A reciprocity requirement: The easy and legal way to stop currency manipulation, by Daniel Gros, Vox EU: The endless discussions about global imbalances, and China’s supposedly self-serving exchange-rate policy, have for a long time, resembled discussions about the weather; everybody talked about it, but nobody did anything. This is now changing. ...
The US political system has become so frustrated by this situation that Congress is now seriously considering whether to label the country a “currency manipulator” and impose trade sanctions which would be illegal under WTO rules and threaten to throw the global trading system into turmoil.
But there is another way. The US (and Japan) could easily prevent the Chinese Central Bank from continuing its intervention policy without breaking any international commitment. The US and Japan only need to invoke the principle of reciprocity and declare that they will limit sales of their public debt henceforth to only include official institutions from countries in which they themselves are allowed to buy and hold public debt. Instead of the “moral suasion”, tried in vain by the Japanese, the Chinese authorities would just be told that they can buy more US T-bills Japanese bonds only if they allow foreigners to buy domestic Chinese debt.
Imposing such a “reciprocity” requirement on capital flows would be perfectly legal..., there are no legal constraints on the impositions of capital controls.
This “reciprocity” measure would of course be equivalent to a very specific form of controls on capital inflows. Capital controls are always somewhat leaky, but not in this case because the Chinese Central Bank would find it difficult to hide its huge investments going through western financial institutions. No reputable financial institution would dare to become a hidden intermediary for the Chinese given that no institution bidding for hundreds of billions of T-Bills would take the risk of secretly fronting the Chinese government...
As a practical matter the introduction of the reciprocity requirement should provide a grand fathering of the existing stocks of Chinese official assets abroad (already above $2,500 billion). However, the Central Bank of China would not be able to continue its interventionist policy – and that is what counts for foreign exchange markets.
The immediate objection is, “What if the Chinese react emotionally and dump their holdings of T-Bills and US agency debt on the market? Would that not disrupt the US government debt market?” This “dumping” is not as simple as it sounds. What assets would the Chinese Central Bank buy when it sells T-Bills? There are not many choices if the Chinese Central Bank wants to dispose of thousands of billions of dollars. Either it holds cash in the form of bank deposits (this would mean a massive refinancing of the US banking system) or it buys other US assets (which would mean a refinancing of the US private sector). Moreover, the reciprocity requirement could be extended to private debt instruments as well. But this is probably not necessary as the Chinese Central Bank is unlikely to invest hundreds of billions of dollars (or euro) in private assets. Buying euro assets would of course constitute an alternative, but this does not appear too attractive at present, and would be prevented by the Europeans adopting the same reciprocity requirement.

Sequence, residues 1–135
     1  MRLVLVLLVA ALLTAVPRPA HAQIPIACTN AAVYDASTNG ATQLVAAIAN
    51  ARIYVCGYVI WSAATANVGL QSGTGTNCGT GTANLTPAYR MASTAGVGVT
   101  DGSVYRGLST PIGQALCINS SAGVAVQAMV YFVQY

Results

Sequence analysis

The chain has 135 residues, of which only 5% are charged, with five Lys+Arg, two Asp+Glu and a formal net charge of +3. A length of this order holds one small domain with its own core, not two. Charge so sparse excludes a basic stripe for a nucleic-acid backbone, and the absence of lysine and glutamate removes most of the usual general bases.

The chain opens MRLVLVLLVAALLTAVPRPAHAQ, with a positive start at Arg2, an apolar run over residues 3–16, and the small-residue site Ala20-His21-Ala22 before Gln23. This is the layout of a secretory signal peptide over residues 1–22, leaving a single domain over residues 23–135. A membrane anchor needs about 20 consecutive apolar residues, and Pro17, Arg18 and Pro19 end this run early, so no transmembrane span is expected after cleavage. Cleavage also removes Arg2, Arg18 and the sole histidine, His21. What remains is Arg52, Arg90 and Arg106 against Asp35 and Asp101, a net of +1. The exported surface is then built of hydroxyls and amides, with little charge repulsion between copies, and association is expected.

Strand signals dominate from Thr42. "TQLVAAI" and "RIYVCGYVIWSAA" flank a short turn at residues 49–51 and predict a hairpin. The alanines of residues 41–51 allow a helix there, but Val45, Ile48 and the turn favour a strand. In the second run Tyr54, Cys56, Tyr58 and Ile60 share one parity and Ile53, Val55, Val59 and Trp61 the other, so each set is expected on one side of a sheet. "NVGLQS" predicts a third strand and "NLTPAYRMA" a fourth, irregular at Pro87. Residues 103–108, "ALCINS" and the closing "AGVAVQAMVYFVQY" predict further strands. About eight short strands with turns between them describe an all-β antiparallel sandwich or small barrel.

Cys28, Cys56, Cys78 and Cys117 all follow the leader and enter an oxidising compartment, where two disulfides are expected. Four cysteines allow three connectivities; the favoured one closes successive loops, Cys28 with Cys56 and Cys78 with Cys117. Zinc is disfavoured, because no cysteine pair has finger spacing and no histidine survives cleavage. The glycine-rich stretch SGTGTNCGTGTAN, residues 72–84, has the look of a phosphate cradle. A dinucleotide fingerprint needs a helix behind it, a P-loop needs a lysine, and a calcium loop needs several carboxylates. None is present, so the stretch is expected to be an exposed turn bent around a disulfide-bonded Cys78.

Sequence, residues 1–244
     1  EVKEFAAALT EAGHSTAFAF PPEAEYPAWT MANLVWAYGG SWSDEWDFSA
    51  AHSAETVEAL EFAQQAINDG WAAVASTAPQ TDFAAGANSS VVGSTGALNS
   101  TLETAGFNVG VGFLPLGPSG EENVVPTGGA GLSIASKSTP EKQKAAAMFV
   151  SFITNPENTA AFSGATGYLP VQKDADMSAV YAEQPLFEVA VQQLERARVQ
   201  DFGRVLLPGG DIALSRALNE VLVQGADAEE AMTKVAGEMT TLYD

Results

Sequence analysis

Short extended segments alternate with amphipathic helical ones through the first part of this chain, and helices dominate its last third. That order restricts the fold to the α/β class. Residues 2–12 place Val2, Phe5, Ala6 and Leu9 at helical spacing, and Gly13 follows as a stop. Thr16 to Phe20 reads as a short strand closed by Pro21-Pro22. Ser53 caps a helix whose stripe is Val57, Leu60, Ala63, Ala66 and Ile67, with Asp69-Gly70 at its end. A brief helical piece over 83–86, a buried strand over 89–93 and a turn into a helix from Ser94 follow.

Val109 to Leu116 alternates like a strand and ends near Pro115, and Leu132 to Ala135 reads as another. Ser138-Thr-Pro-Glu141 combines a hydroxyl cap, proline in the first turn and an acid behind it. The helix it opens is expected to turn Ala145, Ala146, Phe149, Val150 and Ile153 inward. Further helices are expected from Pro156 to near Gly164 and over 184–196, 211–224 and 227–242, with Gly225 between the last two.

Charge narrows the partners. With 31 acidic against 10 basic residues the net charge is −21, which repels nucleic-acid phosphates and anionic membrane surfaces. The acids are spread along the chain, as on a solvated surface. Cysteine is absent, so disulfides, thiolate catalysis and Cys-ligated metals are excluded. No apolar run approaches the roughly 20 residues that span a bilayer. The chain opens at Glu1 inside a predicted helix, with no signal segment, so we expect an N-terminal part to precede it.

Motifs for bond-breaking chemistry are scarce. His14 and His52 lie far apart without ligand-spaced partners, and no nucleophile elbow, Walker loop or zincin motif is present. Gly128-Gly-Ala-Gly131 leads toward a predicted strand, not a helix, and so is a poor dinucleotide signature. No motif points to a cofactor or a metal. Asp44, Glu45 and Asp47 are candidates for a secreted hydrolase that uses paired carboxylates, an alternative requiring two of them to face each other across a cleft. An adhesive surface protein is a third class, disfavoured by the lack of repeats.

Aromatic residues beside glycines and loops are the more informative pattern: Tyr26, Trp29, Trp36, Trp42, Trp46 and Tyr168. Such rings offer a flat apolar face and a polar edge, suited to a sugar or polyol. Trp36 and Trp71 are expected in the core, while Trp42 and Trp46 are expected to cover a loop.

The US might hesitate to impose a reciprocity requirement for sales of its public debt because (in contrast to Japan) it needs foreign financing for its public sector deficit. But this also constitutes the litmus test for the sincerity of the US position which cannot have it both ways, i.e. Chinese financing of its external deficit and an end to currency intervention. The choice is now up to the US, it can easily stop Chinese interventions without violating any international commitment if it is willing to rely on domestic savings to finance its own fiscal deficits.
I don't think most members of Congress would be willing to take the large risk they would attach to imposing reciprocity. But how large are the risks? Paul Krugman:
given the fact that we’re in a liquidity trap, a decision by China to buy fewer of our bonds would actually be doing us a favor — it would weaken the dollar, and help our exports.
Here's the latest:
House Is Likely to Pressure China to Raise Renminbi: The House is expected to give the Obama administration another tool in its diplomatic pouch to pressure China to let its currency rise in value, reflecting growing concern around the country over the loss of manufacturing jobs, persistently high unemployment and a rising trade deficit.
In what is likely to be one of Congress’s last significant measures before the election, the House will vote Wednesday on a symbolic but not insignificant measure threatening China with punitive tariffs on its imports to the United States. ...
But it is unclear whether the legislation, which faces cloudy prospects in the Senate, will succeed this time in prodding a China that has become more self-confident on the world stage. ...
“The legislation will strengthen the administration’s hand in its negotiations with China, but also risks provoking a strong backlash,” said Eswar S. Prasad ... of ... Cornell and a former head of the International Monetary Fund’s China division. “Ultimately its short-term effect is likely to be more symbolic than substantive.” ...
Professor Prasad ... warned that if the Congressional proposal went forward, China could retaliate by limiting American imports or denying American manufacturers and financial institutions “the coveted prize of access to rapidly growing Chinese markets.”
A policy that is "more symbolic than substantive" is my expectation as well.